Talking about how fast Mydala has grown, Anisha Singh, its founder and chief executive, says she has had to move into a larger office. As for competition from foreign-funded competitors, she pooh-poohs the threat. "There is a lot of headroom for e-commerce companies to grow in India."

Warikoo acknowledges the odds, and the fact that Crazeal is just about on the podium, but with a positive spin. "We are already number three in terms of unique visits," he says. 'Unique visits' is a measure of the number of people viewing the site and not of sales. However, the higher the number of unique visitors the more likely they are to open their wallets.

Stickiness - getting users to come back to the site over and over again - is a challenge. It is a challenge Warikoo claims he is cracking. Fortyfive per cent of his traffic, he says, is repeat traffic.

Crazeal has now moved to Groupon's global technology platform. That will help it link deals originating from India to those from the other 46 countries where it operates. It will also protect Crazeal from the kind of crisis it suffered soon after acquiring SoSasta, when the website's user data base was leaked.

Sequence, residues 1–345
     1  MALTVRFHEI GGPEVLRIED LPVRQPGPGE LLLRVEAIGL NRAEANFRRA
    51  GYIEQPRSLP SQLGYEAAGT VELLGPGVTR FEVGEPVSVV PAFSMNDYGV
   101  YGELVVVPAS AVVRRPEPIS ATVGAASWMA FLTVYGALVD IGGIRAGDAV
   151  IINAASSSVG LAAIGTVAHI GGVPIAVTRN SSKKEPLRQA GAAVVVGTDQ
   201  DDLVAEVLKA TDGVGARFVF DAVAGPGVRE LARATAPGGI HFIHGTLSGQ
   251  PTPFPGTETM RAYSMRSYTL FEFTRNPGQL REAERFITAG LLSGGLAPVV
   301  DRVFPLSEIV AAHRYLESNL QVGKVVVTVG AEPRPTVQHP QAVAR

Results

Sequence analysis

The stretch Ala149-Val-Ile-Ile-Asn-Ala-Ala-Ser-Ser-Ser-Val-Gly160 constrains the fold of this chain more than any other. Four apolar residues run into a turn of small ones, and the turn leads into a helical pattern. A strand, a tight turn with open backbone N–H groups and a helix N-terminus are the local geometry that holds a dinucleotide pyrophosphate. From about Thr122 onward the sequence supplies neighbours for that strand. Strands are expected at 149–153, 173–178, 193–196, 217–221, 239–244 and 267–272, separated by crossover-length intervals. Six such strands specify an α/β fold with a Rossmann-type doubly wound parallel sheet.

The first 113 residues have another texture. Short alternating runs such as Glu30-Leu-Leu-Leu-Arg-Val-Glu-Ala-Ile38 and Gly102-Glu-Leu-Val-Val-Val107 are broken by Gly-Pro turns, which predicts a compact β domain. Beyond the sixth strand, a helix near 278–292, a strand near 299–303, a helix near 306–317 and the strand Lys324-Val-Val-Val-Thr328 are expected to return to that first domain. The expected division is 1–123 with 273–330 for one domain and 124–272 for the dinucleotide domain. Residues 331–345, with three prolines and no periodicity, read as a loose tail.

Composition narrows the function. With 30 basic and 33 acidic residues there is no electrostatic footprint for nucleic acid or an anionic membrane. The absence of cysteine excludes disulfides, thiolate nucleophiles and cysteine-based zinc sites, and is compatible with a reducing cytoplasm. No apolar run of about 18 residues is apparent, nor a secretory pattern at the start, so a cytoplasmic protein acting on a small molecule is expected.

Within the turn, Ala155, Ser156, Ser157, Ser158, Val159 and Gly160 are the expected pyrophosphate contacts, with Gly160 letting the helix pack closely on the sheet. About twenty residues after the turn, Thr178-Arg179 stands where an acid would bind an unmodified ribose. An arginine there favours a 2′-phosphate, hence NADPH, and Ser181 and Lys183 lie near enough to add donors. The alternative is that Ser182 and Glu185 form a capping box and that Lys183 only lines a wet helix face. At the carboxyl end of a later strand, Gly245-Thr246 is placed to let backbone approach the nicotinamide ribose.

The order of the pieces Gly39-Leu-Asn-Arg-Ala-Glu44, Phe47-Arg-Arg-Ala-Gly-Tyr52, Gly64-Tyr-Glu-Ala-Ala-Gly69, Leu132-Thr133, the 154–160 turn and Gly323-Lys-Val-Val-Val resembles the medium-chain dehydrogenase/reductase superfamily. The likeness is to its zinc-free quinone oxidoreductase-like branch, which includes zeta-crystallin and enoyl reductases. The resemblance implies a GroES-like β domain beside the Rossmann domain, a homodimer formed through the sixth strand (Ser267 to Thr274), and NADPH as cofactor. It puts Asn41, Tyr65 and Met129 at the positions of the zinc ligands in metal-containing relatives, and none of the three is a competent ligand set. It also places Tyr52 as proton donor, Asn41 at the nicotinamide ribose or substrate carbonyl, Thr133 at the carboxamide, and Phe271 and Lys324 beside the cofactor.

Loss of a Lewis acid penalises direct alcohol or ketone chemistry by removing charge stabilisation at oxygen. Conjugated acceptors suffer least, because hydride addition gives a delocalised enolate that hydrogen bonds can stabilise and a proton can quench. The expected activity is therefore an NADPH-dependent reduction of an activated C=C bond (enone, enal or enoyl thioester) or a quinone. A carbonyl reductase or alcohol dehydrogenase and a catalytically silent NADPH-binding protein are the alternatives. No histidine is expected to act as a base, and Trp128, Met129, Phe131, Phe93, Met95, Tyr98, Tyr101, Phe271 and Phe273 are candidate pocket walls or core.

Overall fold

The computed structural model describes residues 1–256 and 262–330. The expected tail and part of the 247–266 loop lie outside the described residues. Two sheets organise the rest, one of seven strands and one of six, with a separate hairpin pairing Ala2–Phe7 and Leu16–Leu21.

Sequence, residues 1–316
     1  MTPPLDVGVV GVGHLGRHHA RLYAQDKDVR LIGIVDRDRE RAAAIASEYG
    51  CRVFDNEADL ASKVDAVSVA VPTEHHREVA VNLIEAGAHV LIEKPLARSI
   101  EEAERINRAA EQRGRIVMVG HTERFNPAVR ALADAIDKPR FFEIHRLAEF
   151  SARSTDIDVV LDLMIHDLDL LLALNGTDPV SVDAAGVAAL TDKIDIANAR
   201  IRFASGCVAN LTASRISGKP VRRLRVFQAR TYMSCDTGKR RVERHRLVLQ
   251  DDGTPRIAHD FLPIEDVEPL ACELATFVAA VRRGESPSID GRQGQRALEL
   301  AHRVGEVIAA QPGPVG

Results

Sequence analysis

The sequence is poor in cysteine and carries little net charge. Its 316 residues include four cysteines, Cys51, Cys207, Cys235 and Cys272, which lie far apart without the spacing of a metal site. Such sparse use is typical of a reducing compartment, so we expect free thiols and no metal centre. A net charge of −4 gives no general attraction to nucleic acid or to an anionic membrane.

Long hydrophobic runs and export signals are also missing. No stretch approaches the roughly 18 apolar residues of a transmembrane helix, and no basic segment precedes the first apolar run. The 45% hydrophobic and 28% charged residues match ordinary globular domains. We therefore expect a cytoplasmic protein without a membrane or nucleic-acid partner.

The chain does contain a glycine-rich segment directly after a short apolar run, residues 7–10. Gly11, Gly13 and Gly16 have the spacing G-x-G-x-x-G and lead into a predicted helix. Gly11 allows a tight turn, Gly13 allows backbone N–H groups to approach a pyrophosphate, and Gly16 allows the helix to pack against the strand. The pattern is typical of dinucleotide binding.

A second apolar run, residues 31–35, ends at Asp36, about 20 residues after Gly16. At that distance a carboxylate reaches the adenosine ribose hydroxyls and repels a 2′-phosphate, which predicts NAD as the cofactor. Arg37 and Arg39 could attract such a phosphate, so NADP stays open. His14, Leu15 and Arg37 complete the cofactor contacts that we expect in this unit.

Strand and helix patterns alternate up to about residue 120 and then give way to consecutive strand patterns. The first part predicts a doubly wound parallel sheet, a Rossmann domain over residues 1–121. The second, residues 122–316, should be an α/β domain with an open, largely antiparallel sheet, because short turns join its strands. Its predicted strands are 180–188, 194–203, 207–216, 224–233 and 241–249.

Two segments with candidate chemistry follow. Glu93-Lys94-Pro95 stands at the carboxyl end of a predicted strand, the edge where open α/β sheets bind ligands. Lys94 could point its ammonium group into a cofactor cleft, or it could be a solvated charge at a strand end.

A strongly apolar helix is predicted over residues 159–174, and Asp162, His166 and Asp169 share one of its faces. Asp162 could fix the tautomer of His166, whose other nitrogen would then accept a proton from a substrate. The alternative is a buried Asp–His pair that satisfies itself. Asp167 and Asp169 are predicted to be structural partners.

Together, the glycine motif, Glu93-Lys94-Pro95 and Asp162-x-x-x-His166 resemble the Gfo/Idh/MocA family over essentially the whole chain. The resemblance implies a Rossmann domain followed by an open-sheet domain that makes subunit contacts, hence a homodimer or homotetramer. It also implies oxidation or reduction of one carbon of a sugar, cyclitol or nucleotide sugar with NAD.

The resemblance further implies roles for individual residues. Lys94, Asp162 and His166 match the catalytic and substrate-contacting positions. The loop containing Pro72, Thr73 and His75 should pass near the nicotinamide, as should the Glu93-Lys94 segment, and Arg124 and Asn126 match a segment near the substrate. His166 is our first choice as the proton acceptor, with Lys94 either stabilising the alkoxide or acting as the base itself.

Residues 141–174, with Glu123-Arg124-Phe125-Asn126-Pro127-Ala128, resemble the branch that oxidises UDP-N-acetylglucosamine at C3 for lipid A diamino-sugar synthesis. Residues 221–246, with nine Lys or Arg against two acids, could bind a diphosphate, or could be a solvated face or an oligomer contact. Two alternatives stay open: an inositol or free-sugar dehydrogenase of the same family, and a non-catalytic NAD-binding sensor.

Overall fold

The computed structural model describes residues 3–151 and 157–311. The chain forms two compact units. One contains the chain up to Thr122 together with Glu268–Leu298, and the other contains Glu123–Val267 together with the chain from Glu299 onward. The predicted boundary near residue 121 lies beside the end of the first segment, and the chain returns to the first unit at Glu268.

It is not that the rivals are napping. Both Snapdeal and Mydala are investing heavily in technology. Mydala is investing most of the $8 million raised from venture firm Tiger Global Solutions in its marketing and back-end.

Warikoo, though, believes that being different will take him far. "We have a different mindset. We have a clear mandate to be self-sustained."

Until then, Warikoo, who left consultancy firm AT Kearney three years ago to turn entrepreneur, can enjoy the start-up experience.